Real-time monitoring of exhaled volatiles using atmospheric pressure chemical ionization on a compact mass spectrometer
journal contributionposted on 19.07.2016, 13:58 by Liam HeaneyLiam Heaney, Dorota Ruszkiewicz, Kayleigh L. Arthur, Andria Hadjithekli, Clive Aldcroft, Martin LindleyMartin Lindley, Paul Thomas, Matthew TurnerMatthew Turner, Jim ReynoldsJim Reynolds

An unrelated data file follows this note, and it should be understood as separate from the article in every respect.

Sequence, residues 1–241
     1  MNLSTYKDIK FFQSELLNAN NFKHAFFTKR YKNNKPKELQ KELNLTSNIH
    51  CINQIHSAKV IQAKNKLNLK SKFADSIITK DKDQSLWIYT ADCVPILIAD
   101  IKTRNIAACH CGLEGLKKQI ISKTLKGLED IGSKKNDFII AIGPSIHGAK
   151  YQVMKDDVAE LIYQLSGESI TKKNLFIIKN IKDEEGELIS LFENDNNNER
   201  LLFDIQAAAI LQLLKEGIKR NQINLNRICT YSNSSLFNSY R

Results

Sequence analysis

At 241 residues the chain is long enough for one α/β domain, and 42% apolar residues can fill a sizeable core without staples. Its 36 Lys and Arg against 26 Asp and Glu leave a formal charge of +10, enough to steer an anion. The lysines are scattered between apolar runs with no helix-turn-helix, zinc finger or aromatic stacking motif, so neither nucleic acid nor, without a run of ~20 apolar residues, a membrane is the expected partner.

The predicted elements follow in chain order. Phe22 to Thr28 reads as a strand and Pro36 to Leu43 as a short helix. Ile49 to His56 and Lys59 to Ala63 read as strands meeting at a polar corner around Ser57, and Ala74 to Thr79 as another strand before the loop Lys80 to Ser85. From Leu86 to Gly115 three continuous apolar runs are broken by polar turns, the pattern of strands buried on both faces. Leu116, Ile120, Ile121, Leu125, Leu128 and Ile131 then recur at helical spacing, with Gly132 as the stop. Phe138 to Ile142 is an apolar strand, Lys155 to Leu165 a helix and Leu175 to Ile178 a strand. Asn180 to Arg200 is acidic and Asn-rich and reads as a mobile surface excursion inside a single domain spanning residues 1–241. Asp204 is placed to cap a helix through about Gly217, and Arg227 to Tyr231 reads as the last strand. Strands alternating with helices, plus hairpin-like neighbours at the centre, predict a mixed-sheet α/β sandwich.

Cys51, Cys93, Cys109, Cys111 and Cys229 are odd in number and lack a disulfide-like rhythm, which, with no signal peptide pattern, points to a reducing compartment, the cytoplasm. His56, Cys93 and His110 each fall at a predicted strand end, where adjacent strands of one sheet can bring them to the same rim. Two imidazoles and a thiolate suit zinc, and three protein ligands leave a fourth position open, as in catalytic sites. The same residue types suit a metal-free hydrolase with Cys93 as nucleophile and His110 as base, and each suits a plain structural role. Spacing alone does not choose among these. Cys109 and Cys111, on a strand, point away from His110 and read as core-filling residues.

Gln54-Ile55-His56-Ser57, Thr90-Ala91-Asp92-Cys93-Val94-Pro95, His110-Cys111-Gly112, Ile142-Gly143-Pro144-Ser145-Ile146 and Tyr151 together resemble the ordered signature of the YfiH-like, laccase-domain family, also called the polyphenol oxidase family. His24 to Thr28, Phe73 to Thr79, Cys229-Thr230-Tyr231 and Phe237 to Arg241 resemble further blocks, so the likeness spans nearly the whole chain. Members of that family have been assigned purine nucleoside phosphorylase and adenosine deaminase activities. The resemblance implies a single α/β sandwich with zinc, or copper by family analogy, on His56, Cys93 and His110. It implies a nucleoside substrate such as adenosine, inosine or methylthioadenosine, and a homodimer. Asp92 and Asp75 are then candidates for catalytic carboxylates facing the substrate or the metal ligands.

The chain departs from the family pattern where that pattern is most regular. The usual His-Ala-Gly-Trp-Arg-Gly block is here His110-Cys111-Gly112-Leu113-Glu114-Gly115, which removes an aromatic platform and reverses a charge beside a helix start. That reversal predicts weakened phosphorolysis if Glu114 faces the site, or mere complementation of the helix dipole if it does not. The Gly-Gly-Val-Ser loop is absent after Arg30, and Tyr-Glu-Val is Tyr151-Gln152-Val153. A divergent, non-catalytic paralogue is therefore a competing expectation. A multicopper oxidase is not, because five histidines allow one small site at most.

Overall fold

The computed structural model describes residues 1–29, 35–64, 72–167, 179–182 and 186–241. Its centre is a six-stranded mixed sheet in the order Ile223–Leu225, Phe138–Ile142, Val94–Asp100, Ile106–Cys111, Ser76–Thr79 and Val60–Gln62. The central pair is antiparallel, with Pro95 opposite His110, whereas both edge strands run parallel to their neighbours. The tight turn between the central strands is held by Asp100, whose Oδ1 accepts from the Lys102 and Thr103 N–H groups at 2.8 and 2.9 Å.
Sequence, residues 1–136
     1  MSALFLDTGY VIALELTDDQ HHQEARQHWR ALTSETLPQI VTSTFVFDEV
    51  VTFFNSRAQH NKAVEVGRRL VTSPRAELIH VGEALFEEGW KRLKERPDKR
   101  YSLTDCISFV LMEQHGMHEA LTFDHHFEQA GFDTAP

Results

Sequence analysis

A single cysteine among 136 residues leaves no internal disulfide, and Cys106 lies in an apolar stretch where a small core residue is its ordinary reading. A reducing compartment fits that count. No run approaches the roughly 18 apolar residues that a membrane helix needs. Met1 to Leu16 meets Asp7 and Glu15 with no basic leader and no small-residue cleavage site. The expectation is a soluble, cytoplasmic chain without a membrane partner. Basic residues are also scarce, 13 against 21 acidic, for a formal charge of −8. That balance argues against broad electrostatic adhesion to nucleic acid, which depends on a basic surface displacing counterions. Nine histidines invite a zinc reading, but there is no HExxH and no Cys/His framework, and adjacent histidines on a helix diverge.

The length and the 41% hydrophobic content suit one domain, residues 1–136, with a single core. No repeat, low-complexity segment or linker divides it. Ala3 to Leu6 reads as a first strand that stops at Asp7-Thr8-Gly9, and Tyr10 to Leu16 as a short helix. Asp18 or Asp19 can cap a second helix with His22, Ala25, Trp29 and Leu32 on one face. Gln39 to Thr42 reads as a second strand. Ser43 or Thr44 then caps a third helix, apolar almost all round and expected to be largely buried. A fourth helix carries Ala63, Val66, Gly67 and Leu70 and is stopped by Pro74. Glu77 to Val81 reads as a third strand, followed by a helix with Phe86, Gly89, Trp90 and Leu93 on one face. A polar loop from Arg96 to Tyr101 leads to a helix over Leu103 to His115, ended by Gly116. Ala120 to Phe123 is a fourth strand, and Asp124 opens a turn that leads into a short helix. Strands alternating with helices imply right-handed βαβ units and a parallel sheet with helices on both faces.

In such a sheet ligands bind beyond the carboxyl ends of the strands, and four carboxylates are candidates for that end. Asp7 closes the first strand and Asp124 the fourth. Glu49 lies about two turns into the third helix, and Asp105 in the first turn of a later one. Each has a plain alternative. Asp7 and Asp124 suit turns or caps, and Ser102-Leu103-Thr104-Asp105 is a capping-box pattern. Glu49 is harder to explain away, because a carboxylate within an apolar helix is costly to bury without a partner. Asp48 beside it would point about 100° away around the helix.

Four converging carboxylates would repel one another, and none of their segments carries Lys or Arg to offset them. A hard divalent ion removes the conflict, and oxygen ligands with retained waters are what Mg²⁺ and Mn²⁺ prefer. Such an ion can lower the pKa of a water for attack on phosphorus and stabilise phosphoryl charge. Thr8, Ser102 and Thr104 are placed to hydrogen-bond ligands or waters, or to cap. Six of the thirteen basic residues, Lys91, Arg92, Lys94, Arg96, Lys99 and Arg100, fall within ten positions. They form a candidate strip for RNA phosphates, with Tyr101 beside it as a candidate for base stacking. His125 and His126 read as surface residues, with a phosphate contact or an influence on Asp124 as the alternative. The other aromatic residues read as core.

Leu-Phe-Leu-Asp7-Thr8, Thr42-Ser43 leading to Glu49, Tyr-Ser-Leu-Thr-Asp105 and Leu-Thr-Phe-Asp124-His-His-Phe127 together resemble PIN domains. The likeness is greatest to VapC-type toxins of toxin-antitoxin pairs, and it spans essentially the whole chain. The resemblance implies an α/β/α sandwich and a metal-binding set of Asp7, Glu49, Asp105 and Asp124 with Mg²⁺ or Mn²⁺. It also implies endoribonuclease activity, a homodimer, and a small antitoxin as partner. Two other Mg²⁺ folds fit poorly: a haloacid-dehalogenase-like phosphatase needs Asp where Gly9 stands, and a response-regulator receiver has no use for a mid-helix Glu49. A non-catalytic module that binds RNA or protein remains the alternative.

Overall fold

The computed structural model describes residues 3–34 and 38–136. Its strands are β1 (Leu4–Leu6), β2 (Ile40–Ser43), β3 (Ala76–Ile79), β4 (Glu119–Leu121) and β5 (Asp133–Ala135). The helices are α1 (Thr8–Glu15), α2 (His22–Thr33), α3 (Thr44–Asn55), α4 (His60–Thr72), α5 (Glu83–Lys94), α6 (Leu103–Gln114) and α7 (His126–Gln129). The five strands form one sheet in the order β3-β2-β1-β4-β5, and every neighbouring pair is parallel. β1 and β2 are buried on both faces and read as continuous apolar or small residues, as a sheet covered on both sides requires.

© 2016 Future Science Ltd.Aim: Breath analyses have potential to detect early signs of disease onset. Ambient ionization allows direct combination of breath gases with MS for fast, on-line analysis. Portable MS systems would facilitate field/clinic-based breath analyses. Results & methodology: Volunteers ingested peppermint oil capsules and exhaled volatile compounds were monitored over 10 h using a compact mass spectrometer. A rise and fall in exhaled menthone was observed, peaking at 60-120 min. Real-time analysis showed a gradual rise in exhaled menthone postingestion. Sensitivity was comparable to established methods, with detection in the parts per trillion range. Conclusion: Breath volatiles were readily analyzed on a portable mass spectrometer through a simple inlet modification. Induced changes in exhaled profiles were detectable with high sensitivity and measurable in real-time.
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